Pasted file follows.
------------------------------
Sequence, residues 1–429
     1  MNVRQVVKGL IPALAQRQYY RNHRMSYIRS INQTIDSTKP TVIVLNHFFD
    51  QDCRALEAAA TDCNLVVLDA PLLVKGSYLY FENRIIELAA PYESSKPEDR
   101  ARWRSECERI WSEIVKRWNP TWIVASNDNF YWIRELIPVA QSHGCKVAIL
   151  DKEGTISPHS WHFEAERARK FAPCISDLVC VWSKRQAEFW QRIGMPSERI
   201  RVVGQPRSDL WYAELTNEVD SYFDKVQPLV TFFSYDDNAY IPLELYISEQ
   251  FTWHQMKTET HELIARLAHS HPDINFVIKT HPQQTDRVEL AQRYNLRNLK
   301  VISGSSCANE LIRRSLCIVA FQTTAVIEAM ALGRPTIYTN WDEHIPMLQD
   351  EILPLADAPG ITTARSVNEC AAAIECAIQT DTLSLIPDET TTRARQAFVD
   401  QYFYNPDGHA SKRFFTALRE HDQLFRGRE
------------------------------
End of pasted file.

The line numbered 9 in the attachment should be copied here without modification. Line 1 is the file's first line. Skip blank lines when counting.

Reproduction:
   351  EILPLADAPG ITTARSVNEC AAAIECAIQT DTLSLIPDET TTRARQAFVD